The idea for “Disenchanted!” began when Dennis Giacino was a history teacher.
“I taught about Pocahontas in my class back in the 1980s,” Giacino says. “That’s where the seed started. In the mid-1990s, the Disney animated film came out, and as I sat there and watched it, I thought, that’s not right. She was 10 when the whole John Smith thing supposedly happened. And I wondered, what would Pocahontas think of this? I wrote a song. Soon, other princesses were whispering in my ear.”
All those unhappy princesses got together to become the musical, “Disenchanted!,” which opens Friday at Prima.
“They don’t like the way they are portrayed,” Giacino says. “There’s a line in the show about how they could stay up on the shelves and look like helpless wimps.”
But these ladies want to tell their real stories and their “they lived happily ever after” truths. So we meet, among others, Cinderella, Snow White, Sleeping Beauty, Belle, The Little Mermaid, Princess Badroulbadour (known as Jasmine in another world) and The Princess who Kissed the Frog, who in the Disney film is know as Tiana.
Make no mistake, these women are not Disney characters. They are the princesses who go back hundreds of years in time and are ready to tell it like it is.
Don’t expect sweet, demure young ladies to be there.
Snow White isn’t very nice, Belle hates living with those talking clocks and candelabras, The Little Mermaid drinks too much and misses the sea. The Princess who Kissed the Frog wonders why it took so long for a black princess to have her moment, and Princess Badroulbadour wonders why Aladdin got his story told but nobody asked about hers.
And Cinderella loves being a princess, but she’s rather daffy and obsessed with time.
In all, 10 different princesses perform in the show.
Giacino wanted to make sure his audience could relate to these princesses.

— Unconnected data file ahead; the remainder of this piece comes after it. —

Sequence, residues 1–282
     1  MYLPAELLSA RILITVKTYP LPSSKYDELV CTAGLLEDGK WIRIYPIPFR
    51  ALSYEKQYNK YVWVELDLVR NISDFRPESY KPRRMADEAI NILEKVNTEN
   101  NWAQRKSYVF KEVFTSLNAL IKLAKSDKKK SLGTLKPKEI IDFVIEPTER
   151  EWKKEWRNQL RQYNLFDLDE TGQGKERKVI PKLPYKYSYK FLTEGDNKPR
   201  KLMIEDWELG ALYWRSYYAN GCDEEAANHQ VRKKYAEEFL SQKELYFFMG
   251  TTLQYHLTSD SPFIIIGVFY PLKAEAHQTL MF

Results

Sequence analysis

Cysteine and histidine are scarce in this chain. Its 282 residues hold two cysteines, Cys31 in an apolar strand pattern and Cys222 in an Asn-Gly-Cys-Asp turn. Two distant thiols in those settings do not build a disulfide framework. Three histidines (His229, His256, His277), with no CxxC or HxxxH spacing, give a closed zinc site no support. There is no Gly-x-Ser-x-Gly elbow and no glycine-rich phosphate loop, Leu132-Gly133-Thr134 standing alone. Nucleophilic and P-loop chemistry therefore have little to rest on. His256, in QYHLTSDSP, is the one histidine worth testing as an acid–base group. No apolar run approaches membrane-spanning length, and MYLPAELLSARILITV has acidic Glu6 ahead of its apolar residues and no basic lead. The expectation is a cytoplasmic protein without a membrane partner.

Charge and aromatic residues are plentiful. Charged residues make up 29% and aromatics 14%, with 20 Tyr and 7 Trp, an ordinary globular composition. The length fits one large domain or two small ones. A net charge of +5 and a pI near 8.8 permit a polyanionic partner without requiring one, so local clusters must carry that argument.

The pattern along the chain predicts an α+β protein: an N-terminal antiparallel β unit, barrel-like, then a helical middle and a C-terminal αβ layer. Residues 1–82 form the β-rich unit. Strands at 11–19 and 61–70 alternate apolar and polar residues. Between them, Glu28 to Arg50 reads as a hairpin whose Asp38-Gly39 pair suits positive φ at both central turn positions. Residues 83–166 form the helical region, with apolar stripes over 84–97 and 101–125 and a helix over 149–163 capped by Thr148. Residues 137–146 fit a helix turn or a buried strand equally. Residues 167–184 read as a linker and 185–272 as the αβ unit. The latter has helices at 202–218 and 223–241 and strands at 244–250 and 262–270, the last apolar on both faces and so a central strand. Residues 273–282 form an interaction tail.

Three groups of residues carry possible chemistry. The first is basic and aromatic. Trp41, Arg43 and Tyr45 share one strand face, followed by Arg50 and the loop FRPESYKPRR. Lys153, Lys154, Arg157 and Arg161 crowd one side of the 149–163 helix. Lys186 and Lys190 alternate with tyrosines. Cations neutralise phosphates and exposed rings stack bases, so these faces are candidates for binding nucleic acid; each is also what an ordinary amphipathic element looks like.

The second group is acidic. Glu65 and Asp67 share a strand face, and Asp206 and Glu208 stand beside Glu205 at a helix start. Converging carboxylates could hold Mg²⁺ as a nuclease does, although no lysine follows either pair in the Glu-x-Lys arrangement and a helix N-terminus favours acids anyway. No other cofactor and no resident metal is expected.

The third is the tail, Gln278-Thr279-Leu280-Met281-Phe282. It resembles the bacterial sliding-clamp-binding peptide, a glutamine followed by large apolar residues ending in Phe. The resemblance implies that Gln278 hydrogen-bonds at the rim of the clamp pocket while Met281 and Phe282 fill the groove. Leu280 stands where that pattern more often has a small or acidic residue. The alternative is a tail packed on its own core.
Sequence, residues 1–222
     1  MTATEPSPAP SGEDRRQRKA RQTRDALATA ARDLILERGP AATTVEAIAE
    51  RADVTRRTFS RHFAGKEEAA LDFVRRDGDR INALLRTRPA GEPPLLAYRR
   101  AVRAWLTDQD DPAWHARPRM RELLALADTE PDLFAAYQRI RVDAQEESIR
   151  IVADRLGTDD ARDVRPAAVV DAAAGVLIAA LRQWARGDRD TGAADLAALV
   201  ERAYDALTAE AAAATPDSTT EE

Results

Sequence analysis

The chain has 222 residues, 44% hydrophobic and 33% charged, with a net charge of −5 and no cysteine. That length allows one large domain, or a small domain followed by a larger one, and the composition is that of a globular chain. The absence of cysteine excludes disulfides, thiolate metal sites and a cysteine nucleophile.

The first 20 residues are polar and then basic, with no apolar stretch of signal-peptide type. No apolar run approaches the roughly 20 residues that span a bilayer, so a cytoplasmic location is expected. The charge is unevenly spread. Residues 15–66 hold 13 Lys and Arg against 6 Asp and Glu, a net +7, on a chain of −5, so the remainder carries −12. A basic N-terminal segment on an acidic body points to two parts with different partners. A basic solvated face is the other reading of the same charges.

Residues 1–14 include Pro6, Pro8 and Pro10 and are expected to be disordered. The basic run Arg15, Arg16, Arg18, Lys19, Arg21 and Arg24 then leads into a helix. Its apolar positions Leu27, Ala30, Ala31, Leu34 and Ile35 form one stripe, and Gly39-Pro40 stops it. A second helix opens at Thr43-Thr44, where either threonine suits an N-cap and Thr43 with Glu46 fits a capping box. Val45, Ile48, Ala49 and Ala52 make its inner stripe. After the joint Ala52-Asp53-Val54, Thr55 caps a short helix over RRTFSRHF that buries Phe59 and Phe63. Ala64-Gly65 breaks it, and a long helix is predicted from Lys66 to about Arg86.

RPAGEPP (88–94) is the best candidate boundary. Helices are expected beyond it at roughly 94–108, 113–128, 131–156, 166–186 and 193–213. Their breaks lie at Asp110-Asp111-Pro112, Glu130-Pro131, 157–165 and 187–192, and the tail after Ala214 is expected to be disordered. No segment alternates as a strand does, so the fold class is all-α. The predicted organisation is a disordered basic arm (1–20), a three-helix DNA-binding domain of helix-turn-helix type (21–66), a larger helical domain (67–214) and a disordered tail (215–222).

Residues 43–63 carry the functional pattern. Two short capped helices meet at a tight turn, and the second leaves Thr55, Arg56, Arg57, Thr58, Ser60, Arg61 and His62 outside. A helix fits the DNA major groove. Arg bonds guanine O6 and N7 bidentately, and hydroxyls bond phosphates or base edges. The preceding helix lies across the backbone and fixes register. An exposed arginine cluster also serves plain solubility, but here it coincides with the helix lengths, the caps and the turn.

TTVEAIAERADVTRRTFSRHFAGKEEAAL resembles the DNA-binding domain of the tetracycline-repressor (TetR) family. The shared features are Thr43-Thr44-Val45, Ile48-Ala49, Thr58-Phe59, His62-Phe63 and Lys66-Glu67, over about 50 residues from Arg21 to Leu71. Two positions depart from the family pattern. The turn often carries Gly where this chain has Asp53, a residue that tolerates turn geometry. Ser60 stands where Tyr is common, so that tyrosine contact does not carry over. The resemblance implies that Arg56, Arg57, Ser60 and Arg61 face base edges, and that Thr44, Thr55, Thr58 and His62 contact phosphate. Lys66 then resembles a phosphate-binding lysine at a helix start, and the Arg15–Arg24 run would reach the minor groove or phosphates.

“When you look at the script (it says) you are to cast this show will all colors, shapes and ages,” he says. “The show tackles some hot-button issues, but all with humor. There is a song about body images, a song about racism and how it is portrayed in princess culture and a song about sexual identity.”
Humor rules in the show.
“It’s all done through vaudeville,” says Fiely A. Matias, the original director of the show and, according to Giacino, its co-creator.
“We all need a good sounding board, and that was Fiely,” Giacino says.
The two opened a theater company in Portland, Oregon, many years ago.
We were so poor, we couldn’t afford to pay royalties, so we began writing our own shows and music,” Matias says.
“Disenchanted!” grew from a fun revue into an international hit.
The two try to go to as many productions as they can, and they have been to across the United States and Asia and on Friday will be in Lancaster, where they will stop in at Prima for a production.
“Then we do a European swing, to Paris and the premiere in Denmark and then the fourth national tour,” Matias says.
“We are gypsies, we love to travel,” Giacino says. “We like to meet as many people as we can. It’s a fun sorority across the world. There are over 1,000 princesses worldwide.”
The laughs always come at the same places, no matter what country they are in and whether or not they understand the language of the production.
“We go to cheer,”Giacino says. “And we’ve seen it produced in all different ways, from sparkly gowns to modern-day dress. We enjoy those different ideas.”
Next up for Giacino and Matias?
“Everyone tells me I should do a show of (fairy-tale) villains,” Giacino says, laughing. “I love that idea.”